The Art Newspaper spoke to several dealers in response to a report by the non-profit organization Cinoa (Confédération Internationale des Négociants en Oeuvres d’Art), which said, somewhat unsurprisingly, art fairs and online business are taking over as the main method of selling art. The report and the article touch on a number of issues we’ve covered this summer at The Observer, including the abundance of pop-up galleries and the rapidly growing business of buying art online. Some very important dealers had a lot to say to The Art Newspaper about this shift in the art market:
“The overall weight has shifted to clients who don’t live where you work—so you service them through art fairs,” said dealer David Zwirner.
“It is more convenient and inspiring to work in a more unconventional format, having an office and platform, and doing temporary projects and pop-up shows,” said Berlin dealer Matthias Arndt, when he announced earlier this year that his gallery would now open only sporadically for shows.
Dominique Lévy of L&M Arts was decidedly less positive.
“The proliferation of fairs is ridiculous. They will strangle each other in the end,” she said.
We tend to agree with Ms. Lévy. In fact, just this weekend, at NADA Hudson, where a number of dealers overtook an old factory on the edge of town (despite there being art for sale the event was not officially an art fair), NADA’s director Heather Hubbs talked to The Observer about her upcoming collaboration with Art Cologne, where NADA will hold a fair within a fair.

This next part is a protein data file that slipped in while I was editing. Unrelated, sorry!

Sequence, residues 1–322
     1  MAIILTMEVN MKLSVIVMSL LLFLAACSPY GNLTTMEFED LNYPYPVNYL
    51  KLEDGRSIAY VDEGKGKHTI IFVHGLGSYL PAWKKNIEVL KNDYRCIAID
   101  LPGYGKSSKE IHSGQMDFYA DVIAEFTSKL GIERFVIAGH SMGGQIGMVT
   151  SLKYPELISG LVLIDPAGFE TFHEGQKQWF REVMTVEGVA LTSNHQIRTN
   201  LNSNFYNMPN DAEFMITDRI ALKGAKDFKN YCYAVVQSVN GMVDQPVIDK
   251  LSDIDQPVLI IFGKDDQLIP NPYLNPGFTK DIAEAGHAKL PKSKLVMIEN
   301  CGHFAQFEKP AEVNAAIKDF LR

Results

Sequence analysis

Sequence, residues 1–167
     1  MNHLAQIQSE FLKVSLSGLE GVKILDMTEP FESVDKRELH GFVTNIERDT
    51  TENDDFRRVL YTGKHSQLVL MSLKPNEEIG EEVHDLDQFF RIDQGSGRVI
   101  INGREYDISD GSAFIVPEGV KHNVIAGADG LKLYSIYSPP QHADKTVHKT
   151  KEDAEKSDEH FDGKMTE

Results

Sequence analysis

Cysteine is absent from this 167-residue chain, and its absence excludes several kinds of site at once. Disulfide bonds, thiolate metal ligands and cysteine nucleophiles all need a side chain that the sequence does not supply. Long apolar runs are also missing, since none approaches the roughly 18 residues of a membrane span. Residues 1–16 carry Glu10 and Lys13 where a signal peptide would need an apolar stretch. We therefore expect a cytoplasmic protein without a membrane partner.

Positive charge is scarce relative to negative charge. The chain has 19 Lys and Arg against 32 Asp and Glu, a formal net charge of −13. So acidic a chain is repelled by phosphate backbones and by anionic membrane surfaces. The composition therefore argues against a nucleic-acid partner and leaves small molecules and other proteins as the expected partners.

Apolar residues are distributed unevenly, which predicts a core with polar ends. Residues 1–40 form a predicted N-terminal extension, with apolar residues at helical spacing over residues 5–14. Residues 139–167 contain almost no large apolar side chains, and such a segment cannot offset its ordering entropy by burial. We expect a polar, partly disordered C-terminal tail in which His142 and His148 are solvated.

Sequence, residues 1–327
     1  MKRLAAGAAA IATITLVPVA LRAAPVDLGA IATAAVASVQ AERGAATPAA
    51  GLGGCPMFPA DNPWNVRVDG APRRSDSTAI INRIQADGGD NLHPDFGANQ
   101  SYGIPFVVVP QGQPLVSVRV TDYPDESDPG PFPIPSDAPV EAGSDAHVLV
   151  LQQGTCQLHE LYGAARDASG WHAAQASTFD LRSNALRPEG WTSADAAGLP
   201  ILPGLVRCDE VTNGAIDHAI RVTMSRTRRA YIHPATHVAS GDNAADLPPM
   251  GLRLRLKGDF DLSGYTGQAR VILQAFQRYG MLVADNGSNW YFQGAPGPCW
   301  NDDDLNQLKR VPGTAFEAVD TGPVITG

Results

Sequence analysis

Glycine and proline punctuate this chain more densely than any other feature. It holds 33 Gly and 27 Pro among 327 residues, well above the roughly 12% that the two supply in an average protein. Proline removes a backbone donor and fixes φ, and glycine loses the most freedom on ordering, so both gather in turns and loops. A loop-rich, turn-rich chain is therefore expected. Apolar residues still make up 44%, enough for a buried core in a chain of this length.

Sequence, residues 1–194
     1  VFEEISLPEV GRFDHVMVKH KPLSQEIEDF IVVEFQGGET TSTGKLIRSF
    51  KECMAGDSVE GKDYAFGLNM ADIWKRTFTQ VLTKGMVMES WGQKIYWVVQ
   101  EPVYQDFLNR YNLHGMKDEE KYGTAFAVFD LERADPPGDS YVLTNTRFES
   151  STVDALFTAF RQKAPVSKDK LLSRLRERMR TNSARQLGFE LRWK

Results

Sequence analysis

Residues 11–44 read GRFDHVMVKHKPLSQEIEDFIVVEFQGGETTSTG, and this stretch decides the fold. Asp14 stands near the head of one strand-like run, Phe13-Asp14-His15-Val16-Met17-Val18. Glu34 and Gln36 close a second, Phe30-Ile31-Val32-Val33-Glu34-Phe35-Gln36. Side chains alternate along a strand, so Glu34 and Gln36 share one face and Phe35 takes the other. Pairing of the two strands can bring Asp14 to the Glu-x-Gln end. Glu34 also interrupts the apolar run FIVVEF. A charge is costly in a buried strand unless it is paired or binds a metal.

“I think that fairs, there are ways to make them different and to change them up so that they remain interesting,” Ms. Hubbs said. “The reason Art Cologne is so attractive is because Cologne’s not buying us out, we’re not merging, it’s a real collaboration. Nobody’s doing that. What art fair has invited another organization to come in and do something inside their fair? If anything, people are pushing each other away. They don’t want anyone on their territory. They don’t want anyone in their timeslot.”
If fairs have replaced galleries as the predominant way of buying and selling art, fairs themselves will eventually have to adapt. It makes us think of something Gordon Veneklasen, director of Michael Werner gallery, said to us when we were discussing the possibility, now fulfilled, that Frieze Art Fair would be coming to New York.
“The joy of being at a fair is absolutely nonexistent,” he said. “The suffering that goes on in terms of putting a fair together is endless. But fairs are the way that most people discover things. I would say they’re a necessary evil.”